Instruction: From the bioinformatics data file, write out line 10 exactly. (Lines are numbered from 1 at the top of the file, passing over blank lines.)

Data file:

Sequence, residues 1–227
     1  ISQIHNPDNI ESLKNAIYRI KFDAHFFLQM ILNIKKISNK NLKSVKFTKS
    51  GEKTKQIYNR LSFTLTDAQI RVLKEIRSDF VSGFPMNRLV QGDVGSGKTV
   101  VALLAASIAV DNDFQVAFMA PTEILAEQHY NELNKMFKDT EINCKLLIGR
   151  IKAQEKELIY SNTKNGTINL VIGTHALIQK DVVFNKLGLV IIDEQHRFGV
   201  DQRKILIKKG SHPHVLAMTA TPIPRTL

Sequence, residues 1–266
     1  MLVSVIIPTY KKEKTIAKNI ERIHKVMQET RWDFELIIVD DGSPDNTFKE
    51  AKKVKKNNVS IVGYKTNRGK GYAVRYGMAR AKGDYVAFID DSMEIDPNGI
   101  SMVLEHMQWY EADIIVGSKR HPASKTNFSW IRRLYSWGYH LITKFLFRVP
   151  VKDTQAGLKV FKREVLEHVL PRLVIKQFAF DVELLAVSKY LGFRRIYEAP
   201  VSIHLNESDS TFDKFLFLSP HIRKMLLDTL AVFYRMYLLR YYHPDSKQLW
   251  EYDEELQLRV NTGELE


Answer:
   101  SMVLEHMQWY EADIIVGSKR HPASKTNFSW IRRLYSWGYH LITKFLFRVP